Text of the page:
The Icelandic Met Office updated its map of the hazard area around Grindavík yesterday, November 20.
The updated map was made with new data from satellite mapping of the area, in consultation with the Department of Civil Protection and Emergency Management, the IMO, and experts from University of Iceland.
As can be seen on the map, three zones are marked.
Hazard zone A, the largest zone, indicates an increased likelihood of seismic activity.
Hazard zone B indicates a danger of volcanic eruption, including fissures that may open with little warning, dangerous gases, sinkholes, and lava flow.
Hazard zone C indicates the same dangers posed by zone B, but at a heightened level. ICE-SAR, police authorities, and workers in this area are advised to have escape routes in mind, in addition to carrying gas metres and gas masks.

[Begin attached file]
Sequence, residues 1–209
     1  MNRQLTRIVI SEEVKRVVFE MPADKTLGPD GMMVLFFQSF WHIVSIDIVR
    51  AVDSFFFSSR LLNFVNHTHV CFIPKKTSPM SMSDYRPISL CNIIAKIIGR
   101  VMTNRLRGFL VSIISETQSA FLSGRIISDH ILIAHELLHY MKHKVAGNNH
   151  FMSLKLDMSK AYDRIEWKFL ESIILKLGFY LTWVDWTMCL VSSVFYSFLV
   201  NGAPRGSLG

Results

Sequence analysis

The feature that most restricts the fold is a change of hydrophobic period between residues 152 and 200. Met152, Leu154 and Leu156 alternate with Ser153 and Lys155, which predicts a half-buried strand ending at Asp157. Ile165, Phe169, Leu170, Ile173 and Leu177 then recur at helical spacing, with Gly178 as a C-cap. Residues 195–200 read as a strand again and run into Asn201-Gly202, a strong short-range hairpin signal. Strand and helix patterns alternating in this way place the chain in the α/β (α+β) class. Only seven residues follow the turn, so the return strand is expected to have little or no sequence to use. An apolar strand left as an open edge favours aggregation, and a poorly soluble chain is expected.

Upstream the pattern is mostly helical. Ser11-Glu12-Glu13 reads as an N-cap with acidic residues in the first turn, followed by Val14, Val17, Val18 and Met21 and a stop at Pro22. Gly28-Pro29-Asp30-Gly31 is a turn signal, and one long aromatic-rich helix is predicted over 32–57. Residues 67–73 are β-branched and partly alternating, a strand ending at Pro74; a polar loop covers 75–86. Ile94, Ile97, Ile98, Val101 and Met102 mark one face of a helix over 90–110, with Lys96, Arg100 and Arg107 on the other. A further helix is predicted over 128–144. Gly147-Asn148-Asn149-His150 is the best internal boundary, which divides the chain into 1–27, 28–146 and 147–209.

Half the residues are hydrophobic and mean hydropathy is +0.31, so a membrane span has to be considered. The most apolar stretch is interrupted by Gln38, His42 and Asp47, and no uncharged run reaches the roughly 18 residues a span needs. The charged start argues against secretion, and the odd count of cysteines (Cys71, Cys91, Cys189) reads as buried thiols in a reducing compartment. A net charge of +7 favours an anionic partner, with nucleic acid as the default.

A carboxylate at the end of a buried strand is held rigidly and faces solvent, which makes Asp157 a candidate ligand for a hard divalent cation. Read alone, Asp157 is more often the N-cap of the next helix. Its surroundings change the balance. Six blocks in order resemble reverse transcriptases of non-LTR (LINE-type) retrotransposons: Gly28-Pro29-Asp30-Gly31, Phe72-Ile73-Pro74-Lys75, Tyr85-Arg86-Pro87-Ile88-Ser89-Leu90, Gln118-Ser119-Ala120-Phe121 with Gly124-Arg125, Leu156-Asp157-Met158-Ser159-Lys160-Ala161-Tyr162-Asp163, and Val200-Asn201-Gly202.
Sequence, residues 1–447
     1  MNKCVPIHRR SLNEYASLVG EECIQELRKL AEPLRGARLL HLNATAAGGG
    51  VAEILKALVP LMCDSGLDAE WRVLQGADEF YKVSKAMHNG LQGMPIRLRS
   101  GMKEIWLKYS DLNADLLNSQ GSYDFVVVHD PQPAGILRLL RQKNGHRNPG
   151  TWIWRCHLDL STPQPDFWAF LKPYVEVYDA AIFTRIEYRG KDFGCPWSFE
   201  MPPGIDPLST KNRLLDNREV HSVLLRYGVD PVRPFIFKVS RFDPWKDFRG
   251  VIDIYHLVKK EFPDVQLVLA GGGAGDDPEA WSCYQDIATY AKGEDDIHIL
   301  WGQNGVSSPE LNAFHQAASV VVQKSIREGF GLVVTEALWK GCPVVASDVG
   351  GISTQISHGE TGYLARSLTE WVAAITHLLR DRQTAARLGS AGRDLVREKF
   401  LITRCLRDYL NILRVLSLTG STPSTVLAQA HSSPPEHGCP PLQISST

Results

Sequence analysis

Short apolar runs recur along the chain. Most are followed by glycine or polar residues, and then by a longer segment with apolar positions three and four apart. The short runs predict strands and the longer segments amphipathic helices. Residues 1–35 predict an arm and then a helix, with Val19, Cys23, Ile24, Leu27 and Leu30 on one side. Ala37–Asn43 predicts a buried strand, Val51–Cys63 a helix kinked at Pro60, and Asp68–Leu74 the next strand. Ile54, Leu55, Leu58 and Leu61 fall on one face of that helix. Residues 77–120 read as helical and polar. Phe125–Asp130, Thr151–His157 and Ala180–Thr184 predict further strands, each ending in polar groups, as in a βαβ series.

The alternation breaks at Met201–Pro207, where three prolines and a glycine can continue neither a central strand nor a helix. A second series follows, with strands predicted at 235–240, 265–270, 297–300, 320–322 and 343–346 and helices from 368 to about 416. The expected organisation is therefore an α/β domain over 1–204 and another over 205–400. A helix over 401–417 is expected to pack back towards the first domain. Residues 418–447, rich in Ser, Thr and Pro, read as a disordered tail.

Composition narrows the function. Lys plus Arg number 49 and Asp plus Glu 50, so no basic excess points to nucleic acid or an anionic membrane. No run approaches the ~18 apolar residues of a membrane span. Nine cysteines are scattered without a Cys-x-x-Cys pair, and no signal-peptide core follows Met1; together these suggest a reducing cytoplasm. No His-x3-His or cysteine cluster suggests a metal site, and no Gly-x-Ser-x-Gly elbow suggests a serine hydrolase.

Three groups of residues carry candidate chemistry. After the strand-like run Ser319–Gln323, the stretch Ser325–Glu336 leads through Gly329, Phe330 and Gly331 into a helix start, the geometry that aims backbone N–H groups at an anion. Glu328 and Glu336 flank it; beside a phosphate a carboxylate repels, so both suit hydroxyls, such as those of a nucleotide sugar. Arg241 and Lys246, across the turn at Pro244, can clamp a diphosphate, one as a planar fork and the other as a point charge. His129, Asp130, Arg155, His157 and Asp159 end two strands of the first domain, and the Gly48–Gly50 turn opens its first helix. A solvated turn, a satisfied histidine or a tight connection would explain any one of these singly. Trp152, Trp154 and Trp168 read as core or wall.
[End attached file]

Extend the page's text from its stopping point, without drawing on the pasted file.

In an interview with Vísir, geophysicist Benedikt G. Ófeigsson stated that the most likely scenario is that an eruption may occur near Hagafell, a mountain east of Þorbjörn.
“That’s where we’ve seen magma influx occur after the formation of the magma chamber. It’s shallow, and we have good data on this, so we are looking at it as the most likely location for the source if an eruption occurs,” he stated.
Benedikt also reiterated the difficulty in predicting what this means for Grindavík. Importantly, the impact on the town of Grindavík would heavily depend on the exact location of a fissure and models of lava flow can only be made once it has reached the surface.